If a "no good" cut eliminates just one solution, is it worth the bother? After all, the node that produced $x=\hat{x}$ will be pruned once we realize the subproblem is infeasible. The answer depends on a combination of factors (and essentially reduces to "try it and see"). First, if $x=\hat{x}$ was produced by a heuristic, rather than as the integer-feasible solution to the node LP problem, then you likely cannot prune the current node (and, in fact, the node you would want to prune may be elsewhere in the tree). Adding the "no good" cut may prevent your ever visiting that node, and at minimum will result in the node being pruned as soon as you visit it, without having to solve the subproblem there. Second, if your master problem suffers from symmetry, the same solution $x=\hat{x}$ may lurk in more than one part of the search tree. The "no good" cut prevents your tripping over it multiple times.

It may be possible to strengthen the cut a bit. Suppose that $\hat{x}$ renders the subproblem infeasible (as an IP). There are various ways to identify a subset of the subproblem (excluding the objective function) that causes infeasibility. CPLEX can do this with its

*conflict refiner*; other solvers may have similar functionality. Let $N$ be the set of indices of the $x$ variables and $N_0$ the set of indices of all $x$ variables that appear in the right hand side of at least one subproblem constraint identified as part of the conflict. If we are lucky, $N_0$ is a proper subset of $N$. We can form a "no good" cut for the master problem using just the variables $x_i, i\in N_0$, rather than all the $x$ variables, and obtain a somewhat deeper cut (one that potentially cuts off multiple master problem solutions). The caveat here is that running something like the CPLEX conflict refiner, after determining that the subproblem is infeasible, may eat up a fair bit of CPU time for questionable reward.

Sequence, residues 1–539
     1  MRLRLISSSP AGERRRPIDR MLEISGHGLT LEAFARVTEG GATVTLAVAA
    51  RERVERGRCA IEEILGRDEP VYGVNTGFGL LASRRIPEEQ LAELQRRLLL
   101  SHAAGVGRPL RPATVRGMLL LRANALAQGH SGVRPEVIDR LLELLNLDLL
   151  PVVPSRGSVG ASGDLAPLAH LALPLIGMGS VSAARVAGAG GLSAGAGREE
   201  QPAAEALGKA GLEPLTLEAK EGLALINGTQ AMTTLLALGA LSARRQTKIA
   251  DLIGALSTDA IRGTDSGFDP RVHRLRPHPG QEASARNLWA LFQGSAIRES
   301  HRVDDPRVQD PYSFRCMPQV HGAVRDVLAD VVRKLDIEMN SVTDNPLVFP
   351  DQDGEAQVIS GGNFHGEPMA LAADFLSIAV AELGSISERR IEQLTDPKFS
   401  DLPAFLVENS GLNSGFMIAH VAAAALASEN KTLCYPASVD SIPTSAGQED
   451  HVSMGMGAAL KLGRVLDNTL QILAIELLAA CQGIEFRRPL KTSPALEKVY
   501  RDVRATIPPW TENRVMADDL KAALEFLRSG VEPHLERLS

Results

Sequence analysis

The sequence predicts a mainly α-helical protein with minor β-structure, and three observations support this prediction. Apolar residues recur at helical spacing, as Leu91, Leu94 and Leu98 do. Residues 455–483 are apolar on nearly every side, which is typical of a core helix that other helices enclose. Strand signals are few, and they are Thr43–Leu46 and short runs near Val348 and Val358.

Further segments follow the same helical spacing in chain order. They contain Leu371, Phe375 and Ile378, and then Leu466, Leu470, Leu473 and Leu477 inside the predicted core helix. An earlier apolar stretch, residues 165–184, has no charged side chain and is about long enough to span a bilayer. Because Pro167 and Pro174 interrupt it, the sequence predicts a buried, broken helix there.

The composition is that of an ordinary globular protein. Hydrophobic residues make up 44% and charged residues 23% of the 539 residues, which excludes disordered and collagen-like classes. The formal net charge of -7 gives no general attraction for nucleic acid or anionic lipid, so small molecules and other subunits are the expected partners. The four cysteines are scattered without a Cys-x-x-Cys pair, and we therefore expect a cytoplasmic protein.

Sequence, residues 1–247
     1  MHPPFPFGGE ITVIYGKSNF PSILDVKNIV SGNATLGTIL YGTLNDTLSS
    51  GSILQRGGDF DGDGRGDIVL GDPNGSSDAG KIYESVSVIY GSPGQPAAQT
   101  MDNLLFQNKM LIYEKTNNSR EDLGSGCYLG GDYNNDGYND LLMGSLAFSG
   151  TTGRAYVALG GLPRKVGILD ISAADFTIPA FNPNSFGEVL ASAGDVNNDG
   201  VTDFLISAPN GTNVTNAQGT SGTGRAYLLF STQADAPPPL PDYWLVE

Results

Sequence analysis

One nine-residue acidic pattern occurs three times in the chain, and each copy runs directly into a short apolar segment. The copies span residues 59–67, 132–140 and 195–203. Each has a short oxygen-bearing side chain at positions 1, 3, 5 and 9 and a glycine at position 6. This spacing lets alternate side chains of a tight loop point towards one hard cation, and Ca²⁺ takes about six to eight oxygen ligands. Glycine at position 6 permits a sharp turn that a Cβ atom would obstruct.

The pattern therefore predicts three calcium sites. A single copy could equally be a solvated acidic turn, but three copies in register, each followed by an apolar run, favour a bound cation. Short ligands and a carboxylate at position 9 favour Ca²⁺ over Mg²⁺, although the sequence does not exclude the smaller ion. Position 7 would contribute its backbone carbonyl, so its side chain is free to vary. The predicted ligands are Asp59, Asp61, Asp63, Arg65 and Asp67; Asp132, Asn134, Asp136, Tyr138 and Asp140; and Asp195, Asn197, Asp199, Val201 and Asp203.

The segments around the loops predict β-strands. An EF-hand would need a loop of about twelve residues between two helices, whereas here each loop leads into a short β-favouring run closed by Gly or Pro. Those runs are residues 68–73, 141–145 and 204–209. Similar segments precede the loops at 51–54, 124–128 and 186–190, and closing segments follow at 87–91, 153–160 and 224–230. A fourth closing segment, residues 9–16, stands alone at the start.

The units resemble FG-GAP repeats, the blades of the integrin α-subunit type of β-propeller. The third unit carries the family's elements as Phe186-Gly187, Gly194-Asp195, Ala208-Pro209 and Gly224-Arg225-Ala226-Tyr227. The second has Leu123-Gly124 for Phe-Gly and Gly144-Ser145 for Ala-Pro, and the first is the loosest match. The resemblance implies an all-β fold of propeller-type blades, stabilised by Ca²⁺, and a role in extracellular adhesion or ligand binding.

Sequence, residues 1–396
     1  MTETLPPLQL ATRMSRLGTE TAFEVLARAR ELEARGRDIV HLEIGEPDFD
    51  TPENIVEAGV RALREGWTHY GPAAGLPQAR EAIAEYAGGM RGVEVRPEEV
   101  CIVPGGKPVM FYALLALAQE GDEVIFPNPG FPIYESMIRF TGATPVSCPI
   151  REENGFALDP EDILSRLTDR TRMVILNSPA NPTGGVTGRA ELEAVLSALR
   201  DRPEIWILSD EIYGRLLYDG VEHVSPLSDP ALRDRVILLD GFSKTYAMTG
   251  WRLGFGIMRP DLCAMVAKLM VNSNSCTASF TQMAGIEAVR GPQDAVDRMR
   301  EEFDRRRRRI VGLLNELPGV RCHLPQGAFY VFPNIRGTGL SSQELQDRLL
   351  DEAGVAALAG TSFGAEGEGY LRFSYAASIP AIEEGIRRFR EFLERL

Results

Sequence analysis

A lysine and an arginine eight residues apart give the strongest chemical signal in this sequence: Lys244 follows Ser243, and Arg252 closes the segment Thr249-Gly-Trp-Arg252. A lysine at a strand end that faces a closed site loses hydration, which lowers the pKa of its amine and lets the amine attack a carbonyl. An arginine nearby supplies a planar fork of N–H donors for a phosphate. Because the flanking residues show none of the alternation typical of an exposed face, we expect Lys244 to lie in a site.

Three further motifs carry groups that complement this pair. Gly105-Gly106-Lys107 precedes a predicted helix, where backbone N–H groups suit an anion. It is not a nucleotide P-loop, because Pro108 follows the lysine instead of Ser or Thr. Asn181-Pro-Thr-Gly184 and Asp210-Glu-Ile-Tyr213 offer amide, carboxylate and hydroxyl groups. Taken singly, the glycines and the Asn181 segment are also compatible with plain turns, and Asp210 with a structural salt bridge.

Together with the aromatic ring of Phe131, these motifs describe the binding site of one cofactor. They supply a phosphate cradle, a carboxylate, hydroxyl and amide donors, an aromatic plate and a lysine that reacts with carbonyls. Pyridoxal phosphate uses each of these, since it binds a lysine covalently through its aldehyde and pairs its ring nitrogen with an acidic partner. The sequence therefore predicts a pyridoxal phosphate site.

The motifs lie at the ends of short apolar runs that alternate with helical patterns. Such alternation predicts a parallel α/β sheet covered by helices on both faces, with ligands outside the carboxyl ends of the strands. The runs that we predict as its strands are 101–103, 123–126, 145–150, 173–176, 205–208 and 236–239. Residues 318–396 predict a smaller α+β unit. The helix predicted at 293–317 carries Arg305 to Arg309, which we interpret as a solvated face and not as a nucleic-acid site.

### "No good" constraints for optimality

It may be possible to exploit the technique I just described to create ersatz optimality constraints as well. Suppose that the current incumbent solution is $(\tilde{x}, \tilde{y})$, and that some node gives an integer-feasible solution $(\hat{x},\hat{z})$ for the master problem. It must be the case that\[c_1'\hat{x}+\hat{z}<c_1'\tilde{x}+c_2'\tilde{y},\]else the master problem node would be pruned based on bound. Now suppose we pass $\hat{x}$ to the IP subproblem and obtain an optimal solution $y=\hat{y}$. If $c_1'\hat{x}+c_2'\hat{y}<c_1'\tilde{x}+c_2'\tilde{y}$, we have a new incumbent solution. If not, then $x=\hat{x}$ cannot lead to an improved solution, and we can add a "no good" cut to eliminate it (again recognizing that this is a weak constraint).

### More?

That pretty much exhausts my quiver. If any readers have other ideas for generating Benders cuts from integer subproblems, I invite you to post them in comments.